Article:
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Zine hero Dishwasher Pete dishes on his new book. 

A few years into his quest to wash dishes for pay in all 50 states, Pete Jordan realized that what he was really doing was hunting for a town to call home. With his vagabond's satisfaction in working as little as possible and quitting jobs at a moment's notice, and his working-class disdain for bosses, he definitely wasn't after a career. But by the late '90s, his zine Dishwasher was a cult phenomenon, and Dishwasher Pete himself a folk hero and contributor to radio's This American Life.

During a 2000-01 stint in Pittsburgh, dishing at Chatham College and the East End Food Co-op, Jordan nearly bought a house here. Instead, the San Francisco native abandoned his 12-year quest, left the road, got married and moved to Europe.

Now, Harper Perennial has published a one-volume rewrite of his zine. Jordan visits on May 23 to read from and sign Dishwasher: One Man's Quest to Wash Dishes in All Fifty States. "I'm really looking forward to getting back to Pittsburgh," says the soft-spoken 40-year-old. "It's one of my favorite places in the world." He spoke with CP about his book, the working world, and Amsterdam, where he lives with his wife, Amy Joy.

What will fans of your zine find new in the book?

I've become a better writer. At the time I was just writing it with a pen on a piece of paper and then photocopying it and sending it to some friends -- not giving any second thought about it.

Who influences your writing?

I mention in the book when I read 26 Mark Twain books in a row. Huge influence. When I discovered Bukowski, that was obviously a huge influence: a guy writing books about his everyday life, [about] his post-office job. Raymond Carver -- how simple he can keep things and yet tell a story so well.

Why did you start washing dishes?

I couldn't get jobs where I needed experience, or that I needed education for.

Yet taking an undesirable job gave you leverage.

As loathsome as the job seems to many people, among my friends it was empowering to do the crap work nobody else wants to do, and sort of remain anonymous or not take it too seriously. Just putting in your hours and leaving at the end of the day, and picking up your check.

Is there a paradox in hating work but taking pride in your trade?

I try to address that paradox with the epigrams: Dishwashers are "quintessential dirty workers," essentially nonpersons [writes sociologist Gary Alan Fine], and yet, [writes George Orwell,] as "low as they are, they have a kind of pride."

I had my own pride. I wasn't really proud, like, "I'm working for this corporation, or I'm working for this capitalist restaurateur -- great! I'm so glad to wash this guy's dishes!"

What do you think about the Wal-Mart-led trend to call employees "team members" or "associates"?

It's sickening. It's double-speak: They're still the employees, and they still will be laid off. It's kind of sad that it works, apparently. It does have some effect on making people think they're part of a team.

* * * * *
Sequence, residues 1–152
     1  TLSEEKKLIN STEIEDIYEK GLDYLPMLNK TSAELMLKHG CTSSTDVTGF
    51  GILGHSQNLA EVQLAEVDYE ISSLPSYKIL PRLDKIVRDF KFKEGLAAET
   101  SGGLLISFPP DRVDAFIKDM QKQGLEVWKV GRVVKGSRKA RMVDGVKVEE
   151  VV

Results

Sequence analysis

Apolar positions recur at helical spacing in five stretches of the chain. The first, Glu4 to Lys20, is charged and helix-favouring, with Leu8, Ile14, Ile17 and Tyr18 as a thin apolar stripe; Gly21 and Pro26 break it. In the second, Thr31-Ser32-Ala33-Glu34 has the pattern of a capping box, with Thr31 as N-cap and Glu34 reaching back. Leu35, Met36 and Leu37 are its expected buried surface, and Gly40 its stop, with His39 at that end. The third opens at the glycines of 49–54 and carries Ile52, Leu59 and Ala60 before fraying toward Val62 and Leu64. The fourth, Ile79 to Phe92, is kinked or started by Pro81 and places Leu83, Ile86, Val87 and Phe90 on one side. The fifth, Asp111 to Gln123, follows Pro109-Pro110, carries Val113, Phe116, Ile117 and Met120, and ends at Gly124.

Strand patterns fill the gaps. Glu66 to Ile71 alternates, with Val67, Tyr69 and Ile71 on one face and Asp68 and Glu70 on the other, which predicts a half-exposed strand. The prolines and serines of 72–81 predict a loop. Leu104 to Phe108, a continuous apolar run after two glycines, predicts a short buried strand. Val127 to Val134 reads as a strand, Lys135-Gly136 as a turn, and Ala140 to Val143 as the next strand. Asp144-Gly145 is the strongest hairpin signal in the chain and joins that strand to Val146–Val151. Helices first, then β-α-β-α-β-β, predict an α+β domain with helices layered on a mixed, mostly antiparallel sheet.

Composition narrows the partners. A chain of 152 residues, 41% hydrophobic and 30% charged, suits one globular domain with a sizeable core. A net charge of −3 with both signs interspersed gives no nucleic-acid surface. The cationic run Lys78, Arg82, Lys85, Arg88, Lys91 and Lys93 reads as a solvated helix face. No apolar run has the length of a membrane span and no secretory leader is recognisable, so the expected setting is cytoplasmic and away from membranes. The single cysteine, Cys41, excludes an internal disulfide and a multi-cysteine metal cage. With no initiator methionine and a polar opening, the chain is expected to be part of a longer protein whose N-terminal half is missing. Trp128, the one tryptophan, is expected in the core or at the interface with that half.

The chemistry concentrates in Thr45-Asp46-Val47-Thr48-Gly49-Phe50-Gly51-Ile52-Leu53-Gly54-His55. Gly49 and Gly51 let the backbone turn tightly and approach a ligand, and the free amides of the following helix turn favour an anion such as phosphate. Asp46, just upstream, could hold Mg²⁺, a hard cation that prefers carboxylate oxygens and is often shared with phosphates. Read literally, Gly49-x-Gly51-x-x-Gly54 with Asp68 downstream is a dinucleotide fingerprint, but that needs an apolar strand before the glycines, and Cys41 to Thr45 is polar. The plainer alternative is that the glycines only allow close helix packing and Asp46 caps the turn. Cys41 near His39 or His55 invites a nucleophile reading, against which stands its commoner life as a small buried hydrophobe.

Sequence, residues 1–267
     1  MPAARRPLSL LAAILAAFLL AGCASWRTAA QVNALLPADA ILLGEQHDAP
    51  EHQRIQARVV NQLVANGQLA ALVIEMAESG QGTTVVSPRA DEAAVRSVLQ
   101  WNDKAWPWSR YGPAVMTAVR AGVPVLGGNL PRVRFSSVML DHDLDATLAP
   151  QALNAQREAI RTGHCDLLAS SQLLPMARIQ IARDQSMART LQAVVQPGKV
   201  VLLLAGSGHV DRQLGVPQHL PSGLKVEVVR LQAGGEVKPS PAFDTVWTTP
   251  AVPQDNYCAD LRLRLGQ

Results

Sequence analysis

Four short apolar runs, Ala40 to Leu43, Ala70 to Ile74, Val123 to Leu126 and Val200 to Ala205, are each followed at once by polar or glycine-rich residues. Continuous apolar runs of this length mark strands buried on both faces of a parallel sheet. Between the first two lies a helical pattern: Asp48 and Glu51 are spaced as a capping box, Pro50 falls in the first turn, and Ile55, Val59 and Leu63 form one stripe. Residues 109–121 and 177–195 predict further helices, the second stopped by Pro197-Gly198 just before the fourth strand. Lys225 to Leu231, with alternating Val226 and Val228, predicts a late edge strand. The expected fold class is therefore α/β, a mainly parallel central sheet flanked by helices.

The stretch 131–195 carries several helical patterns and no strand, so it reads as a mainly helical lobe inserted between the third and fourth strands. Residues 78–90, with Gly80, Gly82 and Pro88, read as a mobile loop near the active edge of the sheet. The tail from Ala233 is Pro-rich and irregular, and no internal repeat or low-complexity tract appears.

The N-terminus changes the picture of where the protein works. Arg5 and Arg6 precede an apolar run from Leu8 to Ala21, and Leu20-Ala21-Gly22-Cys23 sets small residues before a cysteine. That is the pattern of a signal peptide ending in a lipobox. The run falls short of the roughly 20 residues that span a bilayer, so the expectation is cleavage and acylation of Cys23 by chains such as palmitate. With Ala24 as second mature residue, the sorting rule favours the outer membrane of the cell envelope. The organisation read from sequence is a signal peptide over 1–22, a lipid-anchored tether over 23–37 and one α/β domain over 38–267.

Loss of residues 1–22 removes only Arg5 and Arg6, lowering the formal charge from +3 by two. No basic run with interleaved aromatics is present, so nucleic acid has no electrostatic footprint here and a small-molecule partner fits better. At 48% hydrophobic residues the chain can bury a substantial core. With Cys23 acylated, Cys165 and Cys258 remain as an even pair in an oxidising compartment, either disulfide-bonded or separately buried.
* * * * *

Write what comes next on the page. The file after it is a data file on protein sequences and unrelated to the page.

Whereas you were a complete free agent.

I did have the luxury of knowing I wasn't sticking around. If I was 19 years old and had two kids and needed a steady paycheck, I wouldn't have been able to do what I did.

Why did you almost settle in Pittsburgh?

I assessed every place I've been in the country and decided that Pittsburgh was the place for me. Especially with the good quality of living, and I liked the people there, and I loved the hills and the geography; I liked the size. And the price of the houses was the clincher.

What happened?

I never did buy a house. Then I did have my bike accident. Laying there at [West] Penn Hospital, under the flood lamps, with a concussion, and whatever drugs they put in me, and the doctors picking the gravel out of my face, in that moment I really did have to wonder what I was doing with my life. I decided to finish dishwashing, which took me out of Pittsburgh again.

What's Amsterdam like?

We live on [a] square that's very much sort of the stuff that small [American] Southern towns used to have, with the butcher and the baker. There's maybe 20 businesses on the square, and it's the butcher, baker, green-grocer, hair salon, drug store, et cetera et cetera -- fish monger, and a bike shop. We like it a lot here.

Do Europeans view work differently?

When we first got here, my wife and I both trained at a bike shop in the middle of the city. You can nearly walk by it without noticing that there's even a bike shop there. Both me and my wife, at different times, told the shop-owner, "Hey, we should put out a sandwich board or something!" "No, no, no, I don't want any more customers!" My wife told him, "I'm going to tell all my friends to come here." "No no no no. I don't want any more customers!" So he's only open maybe 25 hours, 30 hours, max.

I didn't know I had it in me -- it's ingrained in me as an American, that you always should be bigger, especially in any sort of capitalist venture. So many Dutch people that we've encountered, the attitude is always, "I'm doing just fine. I take six weeks of vacation a year. My business is just perfect. If I were any bigger, I would have to get employees."

What are you doing these days?

My wife and I live above a [different] bike shop. We're in the process of taking over. The owner is retiring. My wife does run it and work there now, and I do repairs now and then. Hopefully by the end of the year, the bike shop will be ours.

Pete Jordan reads from and signs Dishwasher 7 p.m. Wed., May 23. Joseph-Beth Booksellers, 2705 E. Carson St., South Side. Free. 412-381-3600

click to enlarge Dishwasher Pete: A self-portrait.
  • Dishwasher Pete: A self-portrait.

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